THE CONCEPT WAS DEVELOPED BY STUDENTS IN PARTNERSHIP WITH GENERAL MOTOR
Rather than adhering to a General Motors-mandated design, the millennial concept car design was developed by members of the much-maligned generational group themselves. Stewart Reed, the chair of California’s Art Center College of Design Transportation Design, said the CU-ICAR students had “really immersed themselves into the personas of youth living in urban settings while designing this vehicle.” The result is light, using a carbon fiber body to make getting around a city easier, and more ecologically considerate than most cars — the students projected that a final model would use a natural gas engine, and built space into the chassis to contain it.
Deep Orange 5 is — as the name suggests — the CU-ICAR’s fifth-generation concept car. Previous entries in the series were developed in partnership with other car manufacturers, including BMW and Mazda, while future entries are already in the works with companies such as Toyota. The Deep Orange 5 might not ever see active production, but General Motors might take some of its lessons on board — give it a few years and we might see groups of hypebeasts chilling on roadsides in their swag new millennial-mobiles.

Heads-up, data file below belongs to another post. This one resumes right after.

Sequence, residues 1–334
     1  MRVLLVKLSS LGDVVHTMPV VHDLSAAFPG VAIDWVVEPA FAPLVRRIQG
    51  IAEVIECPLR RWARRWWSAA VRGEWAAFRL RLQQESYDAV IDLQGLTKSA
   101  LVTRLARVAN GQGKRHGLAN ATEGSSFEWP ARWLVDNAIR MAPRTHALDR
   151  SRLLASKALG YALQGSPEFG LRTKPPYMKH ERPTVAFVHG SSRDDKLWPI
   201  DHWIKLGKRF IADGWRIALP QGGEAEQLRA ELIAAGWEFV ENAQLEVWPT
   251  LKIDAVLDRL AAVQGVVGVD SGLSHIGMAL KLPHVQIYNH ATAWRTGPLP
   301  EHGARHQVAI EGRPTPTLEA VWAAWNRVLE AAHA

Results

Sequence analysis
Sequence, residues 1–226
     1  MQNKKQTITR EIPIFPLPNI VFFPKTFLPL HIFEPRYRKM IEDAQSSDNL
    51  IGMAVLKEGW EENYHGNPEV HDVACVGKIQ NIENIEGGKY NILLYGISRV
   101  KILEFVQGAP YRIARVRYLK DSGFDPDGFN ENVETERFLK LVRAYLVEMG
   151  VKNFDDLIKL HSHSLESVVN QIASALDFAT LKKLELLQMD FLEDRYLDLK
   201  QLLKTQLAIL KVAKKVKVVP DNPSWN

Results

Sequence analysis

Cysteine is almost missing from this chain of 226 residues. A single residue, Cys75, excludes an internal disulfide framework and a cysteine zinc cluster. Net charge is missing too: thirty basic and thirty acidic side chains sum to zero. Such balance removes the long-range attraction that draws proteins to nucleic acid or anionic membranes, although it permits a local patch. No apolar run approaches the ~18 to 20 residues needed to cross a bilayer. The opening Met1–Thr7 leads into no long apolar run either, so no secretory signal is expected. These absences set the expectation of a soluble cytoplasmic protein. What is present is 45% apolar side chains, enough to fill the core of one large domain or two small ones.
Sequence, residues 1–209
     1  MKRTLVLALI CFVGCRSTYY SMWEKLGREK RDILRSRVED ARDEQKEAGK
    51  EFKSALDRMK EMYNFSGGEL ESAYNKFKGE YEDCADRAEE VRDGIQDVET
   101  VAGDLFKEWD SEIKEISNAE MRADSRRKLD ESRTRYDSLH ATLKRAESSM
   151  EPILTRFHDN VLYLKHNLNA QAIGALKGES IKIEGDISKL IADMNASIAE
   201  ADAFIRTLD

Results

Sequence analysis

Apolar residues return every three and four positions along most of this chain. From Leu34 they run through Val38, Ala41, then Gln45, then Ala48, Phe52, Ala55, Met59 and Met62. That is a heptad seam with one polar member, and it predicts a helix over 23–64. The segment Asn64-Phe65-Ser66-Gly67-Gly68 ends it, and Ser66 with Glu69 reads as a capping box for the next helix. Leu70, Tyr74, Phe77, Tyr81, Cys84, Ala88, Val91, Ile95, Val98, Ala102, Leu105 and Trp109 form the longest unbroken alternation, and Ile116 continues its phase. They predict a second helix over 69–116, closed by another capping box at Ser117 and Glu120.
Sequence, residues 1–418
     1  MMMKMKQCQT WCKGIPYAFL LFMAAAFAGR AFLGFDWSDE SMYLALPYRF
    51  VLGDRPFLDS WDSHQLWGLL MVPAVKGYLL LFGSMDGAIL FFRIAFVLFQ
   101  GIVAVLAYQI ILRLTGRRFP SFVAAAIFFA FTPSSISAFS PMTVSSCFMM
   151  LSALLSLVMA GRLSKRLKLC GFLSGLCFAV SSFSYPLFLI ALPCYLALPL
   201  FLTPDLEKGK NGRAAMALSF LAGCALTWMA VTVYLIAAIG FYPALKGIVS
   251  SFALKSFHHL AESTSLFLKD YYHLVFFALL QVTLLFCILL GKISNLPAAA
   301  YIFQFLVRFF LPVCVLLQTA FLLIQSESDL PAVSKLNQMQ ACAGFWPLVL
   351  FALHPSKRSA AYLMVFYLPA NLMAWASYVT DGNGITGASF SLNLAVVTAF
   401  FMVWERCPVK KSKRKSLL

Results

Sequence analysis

An interesting part is most of the students involved in this project are Indians.